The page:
The Rt. Rev. Dr. Ian Douglas, Bishop of Connecticut, announced that he will not stand for election as chair of the Anglican Consultative Council.
“While I pray that I can continue to be of service to the Anglican Communion in some new way in the future, I believe that my not pursuing election as chair of the ACC at this time will best facilitate our walking together in unity as the Anglican Communion, and that is my highest priority and my greatest hope and prayer,” Douglas said in his letter.
Douglas is ending his term on both the ACC and Standing Committee at the close of the ACC-16 meeting. The ACC elected Douglas in 2009 to be one of its representatives on the Standing Committee.
In his letter, Douglas, noting the end of his term, said he pledged his “ongoing support and prayers” for the Standing Committee members new and old, and for the secretary general of the Anglican Communion. “God bless the Anglican Communion in our diversity and common service to God’s mission in Jesus through the power of the Holy Spirit,” he wrote.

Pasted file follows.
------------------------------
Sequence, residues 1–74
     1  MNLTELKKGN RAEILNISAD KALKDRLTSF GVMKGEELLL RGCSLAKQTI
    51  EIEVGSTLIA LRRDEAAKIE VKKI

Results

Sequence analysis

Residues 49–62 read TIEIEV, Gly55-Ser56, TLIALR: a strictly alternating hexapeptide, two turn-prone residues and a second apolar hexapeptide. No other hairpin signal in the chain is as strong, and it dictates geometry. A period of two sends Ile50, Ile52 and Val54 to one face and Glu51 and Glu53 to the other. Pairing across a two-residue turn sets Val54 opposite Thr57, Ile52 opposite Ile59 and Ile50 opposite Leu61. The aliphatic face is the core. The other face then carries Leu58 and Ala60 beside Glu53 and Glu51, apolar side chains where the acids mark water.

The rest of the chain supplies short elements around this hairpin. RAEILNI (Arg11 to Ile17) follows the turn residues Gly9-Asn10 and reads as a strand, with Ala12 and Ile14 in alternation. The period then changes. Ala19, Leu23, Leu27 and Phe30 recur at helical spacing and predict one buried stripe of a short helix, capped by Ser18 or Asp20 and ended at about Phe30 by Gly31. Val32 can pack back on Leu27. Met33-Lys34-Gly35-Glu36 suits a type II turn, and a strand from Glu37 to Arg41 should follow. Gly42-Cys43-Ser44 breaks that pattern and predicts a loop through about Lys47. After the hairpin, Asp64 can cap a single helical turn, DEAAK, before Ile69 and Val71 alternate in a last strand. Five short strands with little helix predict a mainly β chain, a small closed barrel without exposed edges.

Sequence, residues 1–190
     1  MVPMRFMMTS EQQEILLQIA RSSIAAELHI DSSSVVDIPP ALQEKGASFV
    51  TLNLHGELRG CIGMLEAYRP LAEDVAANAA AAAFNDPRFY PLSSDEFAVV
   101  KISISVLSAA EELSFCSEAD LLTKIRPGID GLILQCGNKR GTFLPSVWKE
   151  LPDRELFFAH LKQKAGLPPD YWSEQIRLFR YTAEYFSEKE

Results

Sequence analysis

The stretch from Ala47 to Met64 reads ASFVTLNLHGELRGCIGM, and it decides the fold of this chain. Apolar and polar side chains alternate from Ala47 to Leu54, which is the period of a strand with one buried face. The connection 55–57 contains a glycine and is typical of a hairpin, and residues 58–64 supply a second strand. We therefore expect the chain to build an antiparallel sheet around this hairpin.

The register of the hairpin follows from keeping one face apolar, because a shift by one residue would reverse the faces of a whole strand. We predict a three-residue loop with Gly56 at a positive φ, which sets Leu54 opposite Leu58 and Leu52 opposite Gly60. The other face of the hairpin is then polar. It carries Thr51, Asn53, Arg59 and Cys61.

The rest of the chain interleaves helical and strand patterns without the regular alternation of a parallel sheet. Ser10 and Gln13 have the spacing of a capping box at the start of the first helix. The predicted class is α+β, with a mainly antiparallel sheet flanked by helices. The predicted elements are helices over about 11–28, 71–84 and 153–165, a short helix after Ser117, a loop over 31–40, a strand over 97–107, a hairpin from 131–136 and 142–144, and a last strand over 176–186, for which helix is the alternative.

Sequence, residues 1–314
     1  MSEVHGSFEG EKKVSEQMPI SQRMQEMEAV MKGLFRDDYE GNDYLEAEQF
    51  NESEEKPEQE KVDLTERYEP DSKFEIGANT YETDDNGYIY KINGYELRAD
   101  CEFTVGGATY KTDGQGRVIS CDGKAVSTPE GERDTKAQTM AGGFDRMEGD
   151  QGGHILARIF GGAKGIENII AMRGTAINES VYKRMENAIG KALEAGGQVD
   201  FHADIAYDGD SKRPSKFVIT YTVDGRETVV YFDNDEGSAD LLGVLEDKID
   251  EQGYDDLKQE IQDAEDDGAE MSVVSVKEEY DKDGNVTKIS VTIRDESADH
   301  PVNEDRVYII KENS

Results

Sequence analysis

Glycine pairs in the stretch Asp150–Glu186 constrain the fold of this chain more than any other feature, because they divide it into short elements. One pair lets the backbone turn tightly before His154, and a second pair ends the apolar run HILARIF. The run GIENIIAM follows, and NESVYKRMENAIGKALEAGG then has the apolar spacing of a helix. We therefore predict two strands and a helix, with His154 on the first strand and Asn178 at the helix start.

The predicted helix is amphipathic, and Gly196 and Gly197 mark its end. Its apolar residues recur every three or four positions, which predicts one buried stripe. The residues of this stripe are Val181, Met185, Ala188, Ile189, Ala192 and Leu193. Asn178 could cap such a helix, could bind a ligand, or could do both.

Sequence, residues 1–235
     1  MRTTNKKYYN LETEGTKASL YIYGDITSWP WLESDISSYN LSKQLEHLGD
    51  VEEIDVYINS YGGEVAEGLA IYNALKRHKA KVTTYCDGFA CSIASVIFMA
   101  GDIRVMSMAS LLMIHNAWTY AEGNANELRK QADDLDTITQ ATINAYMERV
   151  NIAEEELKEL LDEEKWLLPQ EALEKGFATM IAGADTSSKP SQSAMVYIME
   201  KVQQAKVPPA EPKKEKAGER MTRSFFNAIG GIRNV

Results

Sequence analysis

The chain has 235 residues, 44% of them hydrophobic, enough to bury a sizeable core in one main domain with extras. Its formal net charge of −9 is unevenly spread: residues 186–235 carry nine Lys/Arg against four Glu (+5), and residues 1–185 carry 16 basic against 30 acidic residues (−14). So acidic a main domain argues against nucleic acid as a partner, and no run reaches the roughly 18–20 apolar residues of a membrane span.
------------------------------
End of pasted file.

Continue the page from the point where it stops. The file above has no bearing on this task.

Last January, a majority of the Anglican Communion’s primates called for three years of “consequences” for the Episcopal Church in response to the 78th General Convention’s Resolution A036 and Resolution A054 that change canonical language that defines marriage as being between a man and a woman and authorized marriage rites with language allowing them to be used by same-sex or opposite-sex couples.
The primates said that they were “requiring” that for those three years the Episcopal Church not serve on ecumenical and interfaith bodies, not be appointed or elected to an internal standing committee, and “that while participating in the internal bodies of the Anglican Communion, they will not take part in decision-making on any issues pertaining to doctrine or polity.”
Douglas said in an interview April 12 that his decision not to run was “not in response to the primates’ communique per se.” Rather, my discernment has been directly informed by the relationships I enjoy here in the ACC and my commitment to fostering the unity of the Anglican Communion.”